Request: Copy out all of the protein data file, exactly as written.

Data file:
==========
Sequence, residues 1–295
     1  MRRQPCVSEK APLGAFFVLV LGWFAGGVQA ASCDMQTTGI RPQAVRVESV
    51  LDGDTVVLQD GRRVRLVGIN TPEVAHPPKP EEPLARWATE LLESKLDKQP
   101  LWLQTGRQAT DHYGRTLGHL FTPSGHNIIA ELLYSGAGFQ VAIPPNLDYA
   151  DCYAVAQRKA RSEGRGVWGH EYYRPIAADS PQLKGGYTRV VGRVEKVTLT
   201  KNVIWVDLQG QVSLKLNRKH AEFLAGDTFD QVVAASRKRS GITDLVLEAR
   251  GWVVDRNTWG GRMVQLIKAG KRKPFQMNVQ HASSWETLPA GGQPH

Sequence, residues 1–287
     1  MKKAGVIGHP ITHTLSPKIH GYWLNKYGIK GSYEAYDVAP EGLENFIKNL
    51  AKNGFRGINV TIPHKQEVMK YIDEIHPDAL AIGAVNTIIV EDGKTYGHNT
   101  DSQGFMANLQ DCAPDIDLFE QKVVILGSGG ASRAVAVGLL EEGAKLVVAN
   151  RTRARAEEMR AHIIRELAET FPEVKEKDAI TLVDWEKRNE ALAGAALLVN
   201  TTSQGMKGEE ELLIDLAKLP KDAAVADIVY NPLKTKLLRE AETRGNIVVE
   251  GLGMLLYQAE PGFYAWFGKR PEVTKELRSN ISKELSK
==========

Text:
Sequence, residues 1–295
     1  MRRQPCVSEK APLGAFFVLV LGWFAGGVQA ASCDMQTTGI RPQAVRVESV
    51  LDGDTVVLQD GRRVRLVGIN TPEVAHPPKP EEPLARWATE LLESKLDKQP
   101  LWLQTGRQAT DHYGRTLGHL FTPSGHNIIA ELLYSGAGFQ VAIPPNLDYA
   151  DCYAVAQRKA RSEGRGVWGH EYYRPIAADS PQLKGGYTRV VGRVEKVTLT
   201  KNVIWVDLQG QVSLKLNRKH AEFLAGDTFD QVVAASRKRS GITDLVLEAR
   251  GWVVDRNTWG GRMVQLIKAG KRKPFQMNVQ HASSWETLPA GGQPH

Sequence, residues 1–287
     1  MKKAGVIGHP ITHTLSPKIH GYWLNKYGIK GSYEAYDVAP EGLENFIKNL
    51  AKNGFRGINV TIPHKQEVMK YIDEIHPDAL AIGAVNTIIV EDGKTYGHNT
   101  DSQGFMANLQ DCAPDIDLFE QKVVILGSGG ASRAVAVGLL EEGAKLVVAN
   151  RTRARAEEMR AHIIRELAET FPEVKEKDAI TLVDWEKRNE ALAGAALLVN
   201  TTSQGMKGEE ELLIDLAKLP KDAAVADIVY NPLKTKLLRE AETRGNIVVE
   251  GLGMLLYQAE PGFYAWFGKR PEVTKELRSN ISKELSK